Tag Archives: property tax

The Problem of Gigantism

By Dom Nozzi

January 13, 2017

Gigantism, in my opinion, is a HUUUUUGE problem in America.

Enormous roads, enormous setbacks, enormous (and improperly located) parking lots, enormous (and improperly located) stormwater basins, enormous distances between destinations, enormous road intersections, enormous subdivisions, enormously tall street lights, enormous signs, enormous retail areas.Monster road intersection

The enormity of the American land use pattern is obvious when one walks the historic center of so many European cities and towns. My recent visit to Tuscany with my significant other was, once again, so saddening and maddening because the streets we walked were so stunningly lovable, charming, and romantic. Americans have thrown all of that charm away in our car-happy world.

Not only is it impossible to love most all of urban America. It is also, as Charles Marohn points out so well, impossible to afford to maintain. A double whammy of unsustainability. And extreme frustration in my career as a town planner who toiling for decades to try to nudge our society toward slowing down our ruinous love affair with making the world wonderful for car travel. And finding that even most smart people in America strongly oppose going back to the timeless way of building for people instead of cars.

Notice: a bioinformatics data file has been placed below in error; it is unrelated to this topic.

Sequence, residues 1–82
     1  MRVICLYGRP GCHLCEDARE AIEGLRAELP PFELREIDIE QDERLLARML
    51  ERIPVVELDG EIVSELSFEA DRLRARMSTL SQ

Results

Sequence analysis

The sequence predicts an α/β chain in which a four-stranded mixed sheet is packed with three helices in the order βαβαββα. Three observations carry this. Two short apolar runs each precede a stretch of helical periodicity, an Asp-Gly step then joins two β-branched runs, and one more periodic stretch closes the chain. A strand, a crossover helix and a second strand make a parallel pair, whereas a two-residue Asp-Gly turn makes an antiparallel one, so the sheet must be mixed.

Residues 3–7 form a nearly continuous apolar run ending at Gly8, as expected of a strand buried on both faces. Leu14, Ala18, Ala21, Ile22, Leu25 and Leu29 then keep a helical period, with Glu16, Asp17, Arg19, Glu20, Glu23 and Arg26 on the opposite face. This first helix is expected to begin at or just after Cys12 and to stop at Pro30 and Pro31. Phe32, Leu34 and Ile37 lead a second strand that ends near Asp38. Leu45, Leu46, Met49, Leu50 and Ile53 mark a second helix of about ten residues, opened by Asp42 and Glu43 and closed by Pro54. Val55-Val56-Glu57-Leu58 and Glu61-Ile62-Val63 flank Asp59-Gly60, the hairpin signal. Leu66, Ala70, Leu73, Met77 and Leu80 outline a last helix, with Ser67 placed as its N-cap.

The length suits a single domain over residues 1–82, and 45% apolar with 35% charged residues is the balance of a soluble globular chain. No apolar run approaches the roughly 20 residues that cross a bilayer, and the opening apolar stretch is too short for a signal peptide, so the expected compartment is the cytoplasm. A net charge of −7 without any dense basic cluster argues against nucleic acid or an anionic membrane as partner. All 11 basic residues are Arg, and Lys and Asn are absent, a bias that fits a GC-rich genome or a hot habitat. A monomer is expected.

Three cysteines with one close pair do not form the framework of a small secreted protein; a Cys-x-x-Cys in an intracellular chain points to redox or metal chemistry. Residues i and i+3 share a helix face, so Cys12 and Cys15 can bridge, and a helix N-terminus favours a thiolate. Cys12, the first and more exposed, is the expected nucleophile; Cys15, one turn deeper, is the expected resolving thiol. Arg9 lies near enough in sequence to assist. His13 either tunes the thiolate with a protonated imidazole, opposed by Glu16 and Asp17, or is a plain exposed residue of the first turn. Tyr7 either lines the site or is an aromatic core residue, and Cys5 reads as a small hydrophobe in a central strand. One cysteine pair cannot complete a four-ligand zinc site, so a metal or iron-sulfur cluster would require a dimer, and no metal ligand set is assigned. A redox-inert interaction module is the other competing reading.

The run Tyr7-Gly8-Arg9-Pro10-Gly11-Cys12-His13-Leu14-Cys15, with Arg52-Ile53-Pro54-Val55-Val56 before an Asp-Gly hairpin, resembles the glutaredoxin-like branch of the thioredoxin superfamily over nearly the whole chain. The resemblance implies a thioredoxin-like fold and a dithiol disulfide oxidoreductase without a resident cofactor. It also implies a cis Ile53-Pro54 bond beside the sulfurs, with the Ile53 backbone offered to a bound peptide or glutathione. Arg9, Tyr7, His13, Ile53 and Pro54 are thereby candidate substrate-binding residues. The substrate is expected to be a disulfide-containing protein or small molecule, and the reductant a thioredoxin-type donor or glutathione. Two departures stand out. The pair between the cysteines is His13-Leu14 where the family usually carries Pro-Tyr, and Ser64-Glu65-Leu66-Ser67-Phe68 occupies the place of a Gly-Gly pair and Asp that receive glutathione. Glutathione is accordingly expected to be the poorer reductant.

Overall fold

It is said that dinosaurs went extinct due in large part to gigantism. I believe the same fate is likely for America, unless our society wakes up and realizes we are way better off in so many ways if we get back to building our world at the (walkable) human scale.

A friend asked me recently what I would do if I were in charge, had a blank slate, and could design a community any way I desired.

If I had such an opportunity, my community would be much more compact and human-scaled. One can walk historic town centers in Europe for models of what I speak of here.

WAY less “open space” for cars is essential.

I would ratchet down our extreme (and artificial) auto-centric value system by making roads and parking and gasoline purchases and car buying directly paid for much more based on USER FEES rather than having all of society pay for happy cars via such things as sales taxes, property taxes, and income taxes.

In other words, making our world much more fair and equitable.

We have over-used and over-provided for car travel and car housing in large part because the cost to do so is mostly externalized to society rather than directly paid for via user fees. Eventually — maybe not in our lifetimes? — car travel will be mostly paid for via user fees and externalized costs will be more internalized. Car travel will therefore become much more expensive, signaling us to cut down on our over-reliance on it.

When that happens, we will inevitably see the re-emergence of the lovable, human-scaled world we once had. Fortunately, we are starting to see car travel becoming much more expensive and unaffordable — even though it continues to fail to be user-fee based.

And we are seeing the Millennial generation showing much more interest in compact town center living and much less interest in being car happy.

It is way past time for our society to a people-happy rather than car-happy world.

Advertisements

Leave a comment